Saturday, March 28, 2009

Historical Exhibition, 2

In May of 1945, the names of 46 recipients of the Julius Rosenwald Fellowship for 1946 were announced. That number included 29 Black fellows and among its ranks was Alice Elizabeth Catlett who, at the time, was an instructor of art at George Washington Carver school in New York city. Catlett's vision, as a fellow, was to do a series of lithographs, paintings, and sculptures of Negro women. After a year of planning, thought, and work, her vision was clearly defined and brought into focus in her reapplication for a fellowship in 1947, and she received her second award. In that reapplication process, Catlett settled on a "complete unit" of prints. This complete suite of 15 images are a strong and well-told commentary on The Negro Woman, stirring and intense in both images and words. Each of the images can stand along, but their strength is even more enhanced when seen and read as a cohesive unit. The story of The Negro Woman is clearly and strongly expressed in images and words.

In December 1947 - January 1948, the thirty (30) pieces that were conceived and created while Catlett was studying for two years on a Rosenwald Fellowship were exhibited at the Barnett Aden Gallery in Washington, DC. It is an undisputed fact that The Barnett Aden Gallery is one of the first privately owned Black galleries in the United States and the first one in Washington, DC. It was founded in 1943 by James Vernon Herring, chair of Howard University's Department of Art, and Alonzo Aden, curator of the Howard University Gallery of Art. In addition to providing a venue for such Black artists as Romare Bearden, Lois Mailou Jones, Elizabeth Catlett, Jacob Lawrence, Archibald Motley, John Robinson, and others, it was one of the few galleries in the city in which artists representing different nationalities, races, and ethnicities exhibited together.
The cover and a page from the 1947, The Negro Woman, exhibition catalogue listing the pieces that were on exhibit are shown above (see illustrations). This catalogue contained 4 pages that included a Preface written by Gwendolyn Bennett. Under the section labelled Prints appears the full series of The Negro Woman, consisting of 15 pieces. These 15 pieces present a narrative with each image and its caption representing one phrase of the narrative. Look carefully at the captions of those individual pieces as they spell out the significance of The Negro Woman, acknowledging hard work, celebrating renowned heroines, and focusing on the fears, struggles, and achievements. The series begins with I am the Negro Woman and ends with the fifteenth in the series, My Right is a Future of Equality with other Americans. In their entirety, the images and words make a powerful statement of social commentary for the time period.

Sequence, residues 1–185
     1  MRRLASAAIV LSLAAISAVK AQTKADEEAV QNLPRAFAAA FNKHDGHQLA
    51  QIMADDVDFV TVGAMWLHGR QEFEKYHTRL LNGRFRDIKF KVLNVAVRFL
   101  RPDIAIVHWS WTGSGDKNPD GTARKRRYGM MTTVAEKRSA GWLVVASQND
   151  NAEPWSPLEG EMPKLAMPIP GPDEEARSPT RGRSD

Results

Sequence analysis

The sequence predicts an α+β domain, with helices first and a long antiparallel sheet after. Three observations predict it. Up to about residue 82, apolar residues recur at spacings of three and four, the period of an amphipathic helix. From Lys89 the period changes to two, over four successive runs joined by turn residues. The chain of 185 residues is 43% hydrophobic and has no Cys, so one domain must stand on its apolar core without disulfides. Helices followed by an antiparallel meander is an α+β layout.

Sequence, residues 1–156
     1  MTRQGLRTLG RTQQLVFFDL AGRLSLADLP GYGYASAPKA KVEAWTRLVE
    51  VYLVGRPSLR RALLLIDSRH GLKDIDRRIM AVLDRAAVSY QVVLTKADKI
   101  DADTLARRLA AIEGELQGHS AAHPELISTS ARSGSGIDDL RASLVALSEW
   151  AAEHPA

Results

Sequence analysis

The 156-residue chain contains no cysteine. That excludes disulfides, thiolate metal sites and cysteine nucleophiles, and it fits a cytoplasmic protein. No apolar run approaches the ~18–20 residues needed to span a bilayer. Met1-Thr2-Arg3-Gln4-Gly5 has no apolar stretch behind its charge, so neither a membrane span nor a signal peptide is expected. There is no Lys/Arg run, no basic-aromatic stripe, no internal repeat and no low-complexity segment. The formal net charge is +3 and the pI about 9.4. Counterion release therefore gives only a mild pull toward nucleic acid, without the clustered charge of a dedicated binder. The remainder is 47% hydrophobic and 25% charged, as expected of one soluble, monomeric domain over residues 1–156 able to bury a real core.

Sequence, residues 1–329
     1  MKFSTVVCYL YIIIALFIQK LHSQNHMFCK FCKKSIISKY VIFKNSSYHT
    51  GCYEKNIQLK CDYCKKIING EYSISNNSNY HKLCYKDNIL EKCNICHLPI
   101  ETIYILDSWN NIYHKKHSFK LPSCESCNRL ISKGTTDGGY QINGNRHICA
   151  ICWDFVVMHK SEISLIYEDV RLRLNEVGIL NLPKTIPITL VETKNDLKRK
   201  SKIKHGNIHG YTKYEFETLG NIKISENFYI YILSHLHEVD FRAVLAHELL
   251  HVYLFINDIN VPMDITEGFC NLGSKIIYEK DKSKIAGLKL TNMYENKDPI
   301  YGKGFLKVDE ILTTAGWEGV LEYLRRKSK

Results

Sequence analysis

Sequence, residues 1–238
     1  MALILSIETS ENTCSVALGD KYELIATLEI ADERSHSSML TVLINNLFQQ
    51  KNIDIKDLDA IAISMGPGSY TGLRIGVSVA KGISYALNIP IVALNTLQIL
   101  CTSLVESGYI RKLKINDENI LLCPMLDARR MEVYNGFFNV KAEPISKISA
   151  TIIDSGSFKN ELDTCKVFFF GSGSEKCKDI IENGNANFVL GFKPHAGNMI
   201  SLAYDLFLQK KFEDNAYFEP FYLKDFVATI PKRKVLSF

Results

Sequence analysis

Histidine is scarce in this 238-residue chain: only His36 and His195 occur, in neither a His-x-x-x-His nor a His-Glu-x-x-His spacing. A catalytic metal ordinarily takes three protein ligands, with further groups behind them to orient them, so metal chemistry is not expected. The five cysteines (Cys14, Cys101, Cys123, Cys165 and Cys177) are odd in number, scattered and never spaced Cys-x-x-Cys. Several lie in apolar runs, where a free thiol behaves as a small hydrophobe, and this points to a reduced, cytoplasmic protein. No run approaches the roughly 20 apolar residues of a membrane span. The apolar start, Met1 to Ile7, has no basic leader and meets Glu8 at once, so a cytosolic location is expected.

Jane Watson Crane, in a review appearing in the December 21, 1947 issue of the Washington Post (page L5), states "Two things stand out concerning the Elizabeth Catlett exhibition on The Negro Woman... one is the meticulous craftsmanship, the other the straightforward approach. The artist has something to say here, and she pulls no punches. This is an unusually strong show for a woman--unusual also in the variety of media--paintings. sculpture and prints are shown--in all of which she seems perfectly at home."

My curiosity was raised as I read Crane's review and noticed the statement an"unusually strong show for a woman," yet there was surprisingly no mention of race. With an understanding of segregation in the South in 1947, I would have expected some mention of race, as well as the sexist comment; however, such was not the case. Racial tones in Crane's review were not mentioned which led me to think that perhaps Crane was of the school of thought that more readily accepted blacks as accomplished artists which probably demonstrated a more liberal position of those working in the arts. My thoughts and questions will probably drive me into conducting some research to find out who was Jane Watson Crane, not the Washington Post writer, but Crane the person.

Roughly 62 years after their completion, we are still afforded an opportunity to see the entire suite of prints from The Negro Woman series in a traveling exhibition, A Force of Change: African American Art and the Julius Rosenwald Fund, currently at Spertus Museum (Chicago, Illinois, on view through August 16, 2009). The exhibition will travel to the Allentown Art Museum (Allentown, Pennsylvania, September 13, 2009 - January 10, 2010); and end at the Montclair Art Museum (Montclair, New Jersey, February 6 - July 25, 2010). A catalogue accompanies this exhibition. For more information on A Force of Change: African American Art and the Julius Rosenwald Fund, follow this link:

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